The fading voices of our ancestors: languages under threat


Keith Jackson & Friends: PNG Attitude, 7 January 2015

An entry in the Crocodile Prize
Cleland Family Award for Heritage Writing

“With well over 800 [indigenous types throughout], Papua New Guinea’s languages make up about two-fifths of all those spoken in the world today” (A fact book on modern Papua New Guinea, J Rannells, 1990)

PAPUA New Guinea is a Melanesian country renowned for its vast number of diverse languages.

Linguists divide them into two broad categories: the Austronesian, consisting of approximately 200 languages, and the non-Austronesian (or Papuan), made up of the remaining 600.

While these figures indicate a veritable diversity, there is a grave risk that the majority of these languages may soon die out, as has happened in countries such as South Africa, Ireland, Canada, China, and parts of India and the Americas.

That is to say, with a growing number of the country’s younger population speaking English as their second and or even first language, there is a chance that these indigenous languages may soon be lost.

The 5th Melanesian Festival of Arts and Culture was held in Port Moresby last year and has since attracted numerous positive and challenging comments as well as countless discussion, debate and documentation from a cross section of the Papua New Guinean community as well as other Melanesian visitors to the event.

An international photographer who was there suggested was quoted in the PNG Post-Courier as saying that “cultural threat [was undeniably] imminent in Papua New Guinea as well as in other parts of the Melanesian region”.

So let me consider the issue of ‘cultural threat’ in Papua New Guinea by looking at the gradual but alarming decrease in the use of indigenous languages in today’s society by making reference to the people of Oro Province.

Oro Province is a lightly populated area of mountains and plains on the north coast of mainland PNG. Undisturbed by European intrusion for tens of thousands of years, the indigenous inhabitants built up their own civilisation and cultures, and communicated within their own little communities using various distinct languages.

Today, the province has around 33 different indigenous languages. Of these, only two – in the Tufi district – are Austronesian. Nine related languages which come under the Binandere family are the first language of an estimated 53% of the Oro people.

The remaining 47% of people speak other minor local languages, Hiri Motu, Tok Pisin or English.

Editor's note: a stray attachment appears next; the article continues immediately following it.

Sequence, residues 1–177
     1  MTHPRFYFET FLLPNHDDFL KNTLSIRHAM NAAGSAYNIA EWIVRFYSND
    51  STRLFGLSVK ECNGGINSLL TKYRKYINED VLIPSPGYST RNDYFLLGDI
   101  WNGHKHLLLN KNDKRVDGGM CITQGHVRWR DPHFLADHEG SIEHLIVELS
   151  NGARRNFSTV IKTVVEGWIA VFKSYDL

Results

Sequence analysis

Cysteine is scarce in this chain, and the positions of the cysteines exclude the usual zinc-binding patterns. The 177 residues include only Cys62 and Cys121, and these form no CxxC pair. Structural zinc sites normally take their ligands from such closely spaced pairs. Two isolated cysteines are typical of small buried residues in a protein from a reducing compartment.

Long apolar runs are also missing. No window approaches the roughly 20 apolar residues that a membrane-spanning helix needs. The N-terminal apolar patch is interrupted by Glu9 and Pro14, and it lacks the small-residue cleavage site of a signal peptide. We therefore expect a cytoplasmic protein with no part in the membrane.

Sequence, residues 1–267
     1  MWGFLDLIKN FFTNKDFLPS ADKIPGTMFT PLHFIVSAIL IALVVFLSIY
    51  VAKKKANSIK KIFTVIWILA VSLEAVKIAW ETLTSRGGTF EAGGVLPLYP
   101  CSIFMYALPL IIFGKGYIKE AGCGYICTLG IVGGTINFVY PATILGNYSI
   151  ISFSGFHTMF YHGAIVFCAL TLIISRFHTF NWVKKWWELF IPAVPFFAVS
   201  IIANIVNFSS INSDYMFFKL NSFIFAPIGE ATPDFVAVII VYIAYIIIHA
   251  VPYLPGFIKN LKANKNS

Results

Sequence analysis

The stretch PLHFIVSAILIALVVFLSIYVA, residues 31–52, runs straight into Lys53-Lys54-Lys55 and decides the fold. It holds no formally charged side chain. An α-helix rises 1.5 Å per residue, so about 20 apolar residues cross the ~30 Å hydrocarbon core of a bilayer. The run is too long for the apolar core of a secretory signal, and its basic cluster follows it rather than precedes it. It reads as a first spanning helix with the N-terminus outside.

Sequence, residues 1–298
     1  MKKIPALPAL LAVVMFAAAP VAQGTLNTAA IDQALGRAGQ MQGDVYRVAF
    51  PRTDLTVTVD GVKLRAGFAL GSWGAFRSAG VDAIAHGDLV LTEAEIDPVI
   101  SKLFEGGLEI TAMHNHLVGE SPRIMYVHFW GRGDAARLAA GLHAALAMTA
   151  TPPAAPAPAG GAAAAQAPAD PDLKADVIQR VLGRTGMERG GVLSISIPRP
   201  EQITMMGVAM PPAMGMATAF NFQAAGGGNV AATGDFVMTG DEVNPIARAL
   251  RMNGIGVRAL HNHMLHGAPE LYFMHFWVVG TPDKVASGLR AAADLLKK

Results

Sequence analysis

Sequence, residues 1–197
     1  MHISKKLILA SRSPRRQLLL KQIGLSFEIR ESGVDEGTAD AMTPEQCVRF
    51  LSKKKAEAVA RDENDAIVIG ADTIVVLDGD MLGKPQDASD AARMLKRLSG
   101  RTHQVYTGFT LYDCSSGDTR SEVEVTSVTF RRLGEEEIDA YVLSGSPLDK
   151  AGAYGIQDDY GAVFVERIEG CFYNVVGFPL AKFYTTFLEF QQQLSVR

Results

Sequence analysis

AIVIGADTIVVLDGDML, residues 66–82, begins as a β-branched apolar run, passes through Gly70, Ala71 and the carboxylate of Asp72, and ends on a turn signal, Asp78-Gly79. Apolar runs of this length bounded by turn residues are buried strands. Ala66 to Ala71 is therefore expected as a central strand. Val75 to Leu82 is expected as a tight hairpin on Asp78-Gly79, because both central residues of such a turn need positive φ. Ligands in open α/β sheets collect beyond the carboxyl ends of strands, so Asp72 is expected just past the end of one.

This alarmingly statistic in Oro Province alone suggests that as more of the country’s younger generation are gradually moving away from the use of their mother-tongue and that these indigenous languages are fading away.

The Orokaivalanguage (a well-known language of the province) once had around 25,000 speakers. This number has declined as more Orokaiva-speaking young people have switched to either Tok Pisinor English.

This decline is making the language increasingly vulnerable to extinction. It is anticipated that by the end of this century there could be less than 40% of people who speak Orokaiva. The fact that a majority of today’s young generation are letting go of their great ancestors’ languages and embracing adopted languages offers a sense of sadness and loss of identity.

According to a report by Payal Sampat, a research associate at the Worldwatch Institute, nearly half of the world’s 6,800 living languages are spoken by much fewer than 2,500 people.

Sampat estimated that, at the current rate of decline, by the end of this century at least half of the world’s languages will have been forgotten and will disappear.

He refers to another expert, Michael Krauss, a linguist at the Alaskan Native Language Centre and an authority on global language loss, who estimates that just over 600 of the world’s languages are safe from extinction. That is, they are still learned by children at an early age.

Therefore, the views of photographer David Kirkland that our country is facing an imminent cultural threat seem to be consonant with expert opinion that we are indeed under attack by an ever-increasing global trend.

The wide diversity of languages in PNG is something to be proud of as a nation, however, unless we are able to mitigate and reduce the risk of extinction, we will lose a part of our identity. The ultimate decision is in the hands of the government.